• MEMs
  • Actuators
  • Mating connectors and pins
  • Test points needed before assembly
  • Ground contacts

Parylene Coating With HZO

Parylene Masking with HZO

 

If you are masking for Parylene, you must implement the process correctly. Further, Parylene masking requires considerable expertise and experience to identify factors affecting masking success. These might include Parylene masking materials, the Parylene type, and the different areas that must be coated. Proper timing is also essential, as there is a relationship between the masking and coating processes. Any timing issues can impede coating quality. Managing electrostatic discharge is also a concern when masking.

Fortunately, our engineers have years of this experience, creating custom masking plans for customers with electronic products of all sizes, shapes, and functions. We have also developed industry-leading masking equipment that can automate and semi-automate the process for larger productions.

Reach out today if you would like a consultation to discuss why to use Parylene, our scalable Parylene coating equipment, or our automated masking processes that decrease Parylene coating costs

Additional Resources

Download the HZO Parylene Datasheet
Datasheet

Download the HZO Parylene Datasheet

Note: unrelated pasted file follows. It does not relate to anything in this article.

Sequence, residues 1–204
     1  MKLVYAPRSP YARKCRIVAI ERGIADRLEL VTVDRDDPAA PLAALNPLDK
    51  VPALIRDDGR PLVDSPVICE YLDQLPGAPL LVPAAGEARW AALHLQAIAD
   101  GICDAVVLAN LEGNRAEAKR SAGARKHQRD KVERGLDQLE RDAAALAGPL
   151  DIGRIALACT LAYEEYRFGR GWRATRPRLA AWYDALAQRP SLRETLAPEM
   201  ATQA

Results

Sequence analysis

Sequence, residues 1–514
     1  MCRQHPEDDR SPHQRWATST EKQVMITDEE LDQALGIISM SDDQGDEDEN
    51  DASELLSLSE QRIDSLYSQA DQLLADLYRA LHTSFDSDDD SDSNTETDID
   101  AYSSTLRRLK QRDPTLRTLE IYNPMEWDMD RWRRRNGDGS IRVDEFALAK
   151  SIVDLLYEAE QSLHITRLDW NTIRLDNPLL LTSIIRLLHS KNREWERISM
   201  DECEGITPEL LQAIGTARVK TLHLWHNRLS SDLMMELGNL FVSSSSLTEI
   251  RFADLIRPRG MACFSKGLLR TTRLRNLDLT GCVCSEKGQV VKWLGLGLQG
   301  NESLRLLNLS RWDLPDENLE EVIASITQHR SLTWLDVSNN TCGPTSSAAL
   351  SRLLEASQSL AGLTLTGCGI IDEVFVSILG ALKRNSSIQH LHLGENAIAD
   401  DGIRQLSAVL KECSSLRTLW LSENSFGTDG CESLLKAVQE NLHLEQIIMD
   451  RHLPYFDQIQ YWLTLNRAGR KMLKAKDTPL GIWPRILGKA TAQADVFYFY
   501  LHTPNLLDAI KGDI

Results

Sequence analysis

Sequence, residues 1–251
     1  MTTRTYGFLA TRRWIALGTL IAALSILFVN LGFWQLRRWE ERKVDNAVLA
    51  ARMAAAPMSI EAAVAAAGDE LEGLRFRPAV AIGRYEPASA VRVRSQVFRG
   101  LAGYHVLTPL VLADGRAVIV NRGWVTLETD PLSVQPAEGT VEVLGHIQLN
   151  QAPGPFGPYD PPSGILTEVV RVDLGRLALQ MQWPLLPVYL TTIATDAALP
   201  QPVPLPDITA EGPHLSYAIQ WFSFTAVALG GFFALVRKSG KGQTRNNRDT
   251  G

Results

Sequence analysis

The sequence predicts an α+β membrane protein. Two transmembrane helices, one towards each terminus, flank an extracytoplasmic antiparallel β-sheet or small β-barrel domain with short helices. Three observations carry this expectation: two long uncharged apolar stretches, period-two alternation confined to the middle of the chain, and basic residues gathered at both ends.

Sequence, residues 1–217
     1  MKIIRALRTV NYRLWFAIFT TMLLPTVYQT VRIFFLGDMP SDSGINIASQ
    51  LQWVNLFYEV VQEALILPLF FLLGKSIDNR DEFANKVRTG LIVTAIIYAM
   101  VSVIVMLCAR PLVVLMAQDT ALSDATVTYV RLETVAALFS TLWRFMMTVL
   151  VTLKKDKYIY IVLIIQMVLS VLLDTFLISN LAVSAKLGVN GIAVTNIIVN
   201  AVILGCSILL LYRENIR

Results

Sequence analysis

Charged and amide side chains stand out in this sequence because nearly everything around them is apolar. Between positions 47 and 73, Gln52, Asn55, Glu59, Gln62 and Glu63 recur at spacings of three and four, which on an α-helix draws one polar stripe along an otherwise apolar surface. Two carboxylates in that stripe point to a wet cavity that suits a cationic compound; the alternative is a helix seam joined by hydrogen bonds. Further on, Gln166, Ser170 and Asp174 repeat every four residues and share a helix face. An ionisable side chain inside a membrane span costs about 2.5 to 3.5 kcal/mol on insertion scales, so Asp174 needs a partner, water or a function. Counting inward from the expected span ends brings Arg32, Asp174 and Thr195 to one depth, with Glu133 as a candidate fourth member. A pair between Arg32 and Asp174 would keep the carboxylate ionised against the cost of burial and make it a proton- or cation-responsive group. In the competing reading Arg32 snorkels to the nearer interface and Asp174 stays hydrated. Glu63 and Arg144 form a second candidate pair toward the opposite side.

Learn About Corrosion Resistance From An Industry-Leading Engineer
Webinar

Learn About Corrosion Resistance From An Industry-Leading Engineer

Learn About HZO Coatings With Our Resource Page
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Learn About HZO Coatings With Our Resource Page

Learn About the Parylene Process With Our Resource Page
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Learn About the Parylene Process With Our Resource Page

Learn About Parylene Properties With Our Resource Page
Resource

Learn About Parylene Properties With Our Resource Page

Understand Parylene's Benefits for Optical Applications
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Understand Parylene's Benefits for Optical Applications

Parylene Thickness - How Much is Enough?
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Parylene Thickness - How Much is Enough?